His soft side is even more amazing. He gets lost in poetry, in twirls of colors and music. He watches the clouds passing by and his mind goes along with them. He laughs and when he does his laughter is full of joy; he falls in love for the simplest things: a puppy, a snowflake, a flower, a feeling, a second, a morning, a smile; simple things that bring so much happiness to Ned. I saw him once falling in love for a smile and in that split second, my friend Ned, was beautiful. He was the sheer definition of happiness. His eyes were wide opened, his nostrils quivering, his cheeks were all red and you could almost hear his heart pumping his boiling blood.
But deep down inside, buried so deep, lays a complex soul and a troubled mind. No one understands Ned better than me and yet I cannot say I know him. Most people, like you and me, live in a real world or at least in a world that we perceive as real. Ned may show the same features, the same down-to-Earth features but only few really see that heís cleverly wearing a mask, a disguise that not only helps him to cope with the day to day life but also to fool the others that heís one of them. Iíve said to myself few times that he should seek professional advice but the charm, the nonchalance, the level of unexpected that heís showing stopped me every time when I wanted to tell him that.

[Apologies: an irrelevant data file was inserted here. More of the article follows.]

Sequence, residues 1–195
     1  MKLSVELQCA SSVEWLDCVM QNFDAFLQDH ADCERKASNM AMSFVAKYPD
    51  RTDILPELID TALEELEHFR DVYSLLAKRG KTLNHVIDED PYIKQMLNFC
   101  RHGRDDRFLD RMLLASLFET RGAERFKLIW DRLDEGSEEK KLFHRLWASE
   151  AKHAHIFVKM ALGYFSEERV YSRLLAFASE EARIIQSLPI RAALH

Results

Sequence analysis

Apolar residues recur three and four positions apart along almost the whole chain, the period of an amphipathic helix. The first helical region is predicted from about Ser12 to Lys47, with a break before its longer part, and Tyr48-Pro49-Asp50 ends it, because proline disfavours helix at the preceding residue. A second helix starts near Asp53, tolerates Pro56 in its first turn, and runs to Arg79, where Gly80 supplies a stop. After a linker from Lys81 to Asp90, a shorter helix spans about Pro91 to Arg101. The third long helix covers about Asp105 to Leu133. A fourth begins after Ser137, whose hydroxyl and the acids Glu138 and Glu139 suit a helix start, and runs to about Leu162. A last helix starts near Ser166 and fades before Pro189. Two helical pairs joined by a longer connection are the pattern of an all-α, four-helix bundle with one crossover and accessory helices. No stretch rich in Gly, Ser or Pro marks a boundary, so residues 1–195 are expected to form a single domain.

If for the most of us, life goes on with ups and downs, for Ned life goes on with peaks; and Iím thinking of the fact that not only he goes from the seventh heaven to a bottomless pit but also these mood switches are so fast that I often fail to see what the cause was. Now, of course, if you are a psychiatrist you can immediately label Ned with a bipolar personality and you can start writing down a recipe for pills or look for a facility to put Ned in. But heís a nice guy, as the song goes ďToo good to be trueĒ, and he wouldnít deserve such a treatment.
Given these, letís get back to the beginning. I was having a drink with him when he lowered his voice and told me that he thinks heís sick and should be locked away in a soft-walls room. I looked closely at him and I saw he wasnít kidding.
ĎWhat do you mean? Why are you saying you should be locked away in a coo-coo house?í I replied. ĎI know you for quite some time and I know youíre strange but from here to there is a long wayí.